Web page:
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Should the House of Lords leave moral issues as the unique preserve of the Commons?

An editorial in today's Telegraph raises the issue of which chamber should take precedence on moral issues in the context of the debate about assisted suicide:

"It might be thought that MPs who have shown that they cannot behave morally when it comes to their own expenses will struggle when debating one of the burning moral issues of the day. But they must at least try. Capital punishment, abortion, in vitro fertilisation – all have been decided in the House of Commons. It is an abdication of responsibility to leave such "difficult" issues to the House of Lords – or, far worse, the judges."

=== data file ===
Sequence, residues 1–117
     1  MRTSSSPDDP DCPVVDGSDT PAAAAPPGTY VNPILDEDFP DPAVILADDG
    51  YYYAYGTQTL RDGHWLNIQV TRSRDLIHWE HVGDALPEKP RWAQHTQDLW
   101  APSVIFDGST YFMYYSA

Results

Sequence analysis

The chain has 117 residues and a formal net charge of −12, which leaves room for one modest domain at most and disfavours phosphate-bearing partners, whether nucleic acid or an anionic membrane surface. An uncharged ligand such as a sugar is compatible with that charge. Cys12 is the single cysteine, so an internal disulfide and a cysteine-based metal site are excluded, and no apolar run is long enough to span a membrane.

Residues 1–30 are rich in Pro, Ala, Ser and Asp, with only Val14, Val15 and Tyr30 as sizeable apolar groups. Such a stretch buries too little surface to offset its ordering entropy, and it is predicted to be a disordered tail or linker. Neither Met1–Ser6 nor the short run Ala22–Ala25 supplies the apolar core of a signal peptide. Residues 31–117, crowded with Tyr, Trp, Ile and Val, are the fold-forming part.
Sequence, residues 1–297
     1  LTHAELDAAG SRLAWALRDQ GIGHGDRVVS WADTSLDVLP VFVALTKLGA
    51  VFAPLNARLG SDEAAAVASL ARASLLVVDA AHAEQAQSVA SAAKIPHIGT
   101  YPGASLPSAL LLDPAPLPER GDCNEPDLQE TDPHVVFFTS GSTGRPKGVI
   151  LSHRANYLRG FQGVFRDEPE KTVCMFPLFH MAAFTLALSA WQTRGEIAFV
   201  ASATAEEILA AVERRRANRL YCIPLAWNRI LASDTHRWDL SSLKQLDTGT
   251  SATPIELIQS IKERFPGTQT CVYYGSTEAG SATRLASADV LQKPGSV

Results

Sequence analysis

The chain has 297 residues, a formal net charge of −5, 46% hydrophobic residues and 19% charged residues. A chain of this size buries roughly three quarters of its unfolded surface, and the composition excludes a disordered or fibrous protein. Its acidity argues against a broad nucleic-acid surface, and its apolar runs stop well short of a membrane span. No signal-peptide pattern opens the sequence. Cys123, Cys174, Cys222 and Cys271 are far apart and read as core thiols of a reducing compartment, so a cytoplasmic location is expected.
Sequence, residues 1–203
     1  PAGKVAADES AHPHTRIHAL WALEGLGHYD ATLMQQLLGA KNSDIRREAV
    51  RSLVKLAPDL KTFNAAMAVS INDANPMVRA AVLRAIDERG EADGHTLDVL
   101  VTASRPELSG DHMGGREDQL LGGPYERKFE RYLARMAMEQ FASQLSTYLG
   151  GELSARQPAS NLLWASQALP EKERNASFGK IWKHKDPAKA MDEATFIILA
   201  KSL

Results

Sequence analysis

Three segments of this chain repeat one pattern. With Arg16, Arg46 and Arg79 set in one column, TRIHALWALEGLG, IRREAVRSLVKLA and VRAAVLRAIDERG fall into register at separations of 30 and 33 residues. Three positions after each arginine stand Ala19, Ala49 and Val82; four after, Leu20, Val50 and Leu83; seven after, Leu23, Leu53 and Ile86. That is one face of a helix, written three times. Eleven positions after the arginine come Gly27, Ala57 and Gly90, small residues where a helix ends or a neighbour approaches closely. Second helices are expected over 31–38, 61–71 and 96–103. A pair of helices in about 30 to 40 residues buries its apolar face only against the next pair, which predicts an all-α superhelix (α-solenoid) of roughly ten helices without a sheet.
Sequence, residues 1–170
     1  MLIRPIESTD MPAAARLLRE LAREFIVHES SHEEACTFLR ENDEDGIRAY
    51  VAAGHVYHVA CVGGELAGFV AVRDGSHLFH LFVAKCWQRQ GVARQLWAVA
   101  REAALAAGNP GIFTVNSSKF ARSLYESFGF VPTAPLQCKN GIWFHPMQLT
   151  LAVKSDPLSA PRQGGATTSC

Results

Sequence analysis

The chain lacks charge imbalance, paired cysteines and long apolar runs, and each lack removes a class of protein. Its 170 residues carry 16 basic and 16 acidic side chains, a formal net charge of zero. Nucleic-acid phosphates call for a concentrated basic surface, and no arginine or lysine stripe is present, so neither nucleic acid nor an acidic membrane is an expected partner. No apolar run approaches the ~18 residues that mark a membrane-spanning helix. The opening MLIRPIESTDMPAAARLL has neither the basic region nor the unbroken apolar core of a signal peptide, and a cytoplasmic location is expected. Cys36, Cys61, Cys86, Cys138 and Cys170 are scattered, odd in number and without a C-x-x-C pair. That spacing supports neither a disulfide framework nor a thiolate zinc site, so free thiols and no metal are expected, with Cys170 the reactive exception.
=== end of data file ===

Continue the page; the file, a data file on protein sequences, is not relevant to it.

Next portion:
By convention, the Lords will not overturn manifesto commitments made by a Government, but would it be desirable for there to be a new convention stating that the Upper House would not reverse the will of the elected House on moral issues?

I'm not sure that such a convention would even be feasible to enforce, since everyone would have a different definition of what makes an issue a matter of conscience. What do you think?

Jonathan Isaby


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